Brownie Points: Tread cautiously on Suns GM being a 'savior' - East Valley Tribune: Columns

Brownie Points: Tread cautiously on Suns GM being a 'savior'

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Jerry Brown is a contributing columnist who appears every Sunday in the Tribune. Contact him at jbrown5548@aol.com

Posted: Friday, May 10, 2013 4:48 pm

The Valley sports media has been tripping over itself in lauding the hiring of new Phoenix Suns general manager Ryan McDonough, calling it a turning point and a ray of light for a franchise that has been in a death spiral during these past couple years of the Robert Sarver era.

That may well come to pass. McDonough has a great family sports tree, father and legendary sportswriter Will McDonough, to brother/broadcaster Sean, and he has been the poster boy for the new breed of basketball executive. The 33-year-old worked under Danny Ainge, a great, if unorthodox basketball mind, and McDonough has been lauded in many national publications for his talent evaluation skills.

But while it’s hard to imagine things getting any worse at US Airways Center that it is now, I’m not quite ready to anoint McDonough as a savior just yet.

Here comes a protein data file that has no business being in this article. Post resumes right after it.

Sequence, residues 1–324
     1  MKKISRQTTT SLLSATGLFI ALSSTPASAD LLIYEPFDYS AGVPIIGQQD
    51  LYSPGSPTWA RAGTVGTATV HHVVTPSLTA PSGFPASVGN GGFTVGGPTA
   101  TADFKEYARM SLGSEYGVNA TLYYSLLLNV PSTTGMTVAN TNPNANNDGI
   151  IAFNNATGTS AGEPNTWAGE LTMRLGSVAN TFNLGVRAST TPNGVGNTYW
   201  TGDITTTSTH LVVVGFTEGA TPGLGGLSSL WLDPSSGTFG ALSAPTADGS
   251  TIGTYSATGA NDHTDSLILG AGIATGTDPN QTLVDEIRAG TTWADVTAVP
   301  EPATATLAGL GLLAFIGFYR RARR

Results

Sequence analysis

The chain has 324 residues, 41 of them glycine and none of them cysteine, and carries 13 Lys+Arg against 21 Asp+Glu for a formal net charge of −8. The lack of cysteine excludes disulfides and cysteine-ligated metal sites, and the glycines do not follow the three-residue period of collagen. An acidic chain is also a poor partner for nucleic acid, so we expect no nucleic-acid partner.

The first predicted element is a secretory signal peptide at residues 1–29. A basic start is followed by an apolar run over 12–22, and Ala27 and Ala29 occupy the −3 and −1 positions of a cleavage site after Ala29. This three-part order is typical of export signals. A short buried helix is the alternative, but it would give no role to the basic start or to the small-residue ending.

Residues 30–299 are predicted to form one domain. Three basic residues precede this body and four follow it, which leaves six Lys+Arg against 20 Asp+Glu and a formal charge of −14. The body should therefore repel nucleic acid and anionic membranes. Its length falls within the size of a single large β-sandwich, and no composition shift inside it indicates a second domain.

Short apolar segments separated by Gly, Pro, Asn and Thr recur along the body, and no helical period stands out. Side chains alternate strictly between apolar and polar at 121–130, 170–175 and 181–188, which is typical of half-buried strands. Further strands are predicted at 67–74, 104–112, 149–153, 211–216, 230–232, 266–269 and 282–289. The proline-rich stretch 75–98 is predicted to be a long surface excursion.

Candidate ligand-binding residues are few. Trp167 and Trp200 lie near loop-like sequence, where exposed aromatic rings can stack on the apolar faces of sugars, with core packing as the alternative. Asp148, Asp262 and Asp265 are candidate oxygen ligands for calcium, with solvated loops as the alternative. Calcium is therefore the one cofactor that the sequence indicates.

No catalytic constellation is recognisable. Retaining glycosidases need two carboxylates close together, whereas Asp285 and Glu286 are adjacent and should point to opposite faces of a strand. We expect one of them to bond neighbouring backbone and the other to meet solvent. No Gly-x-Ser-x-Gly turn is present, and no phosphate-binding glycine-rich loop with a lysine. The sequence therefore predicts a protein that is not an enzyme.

Maybe it’s because I’m skeptical about how much power Sarver and team president Lon Babby will actually entrust in McDonough. Maybe it’s because, even though the fortunes of an NBA franchise can turn with the addition of only two or three players, the job that’s currently before him seems more daunting than that of new Arizona Cardinals general manager Steve Keim.

Or maybe it’s because this all seems so familiar: a sagging Arizona sports franchise entrusting its future in the hands of a young, sabermetric-savvy guy from Boston with hopes of restoring past glory.

Fingers are crossed, hoping the Ryan McDonough era turns out much better than Josh Byrnes era did across the street.

Let’s hope the Suns don’t follow the Arizona Diamondbacks under Byrnes and trade away a Carlos Gonzalez, hire an A.J. Hinch or change their color scheme in an attempt to divert attention from a poor product along the way. It was a lot easier to release Mike DiFelice than it will be to swallow Michael Beasley’s salary, but sometimes you just have to grit your teeth and move on.

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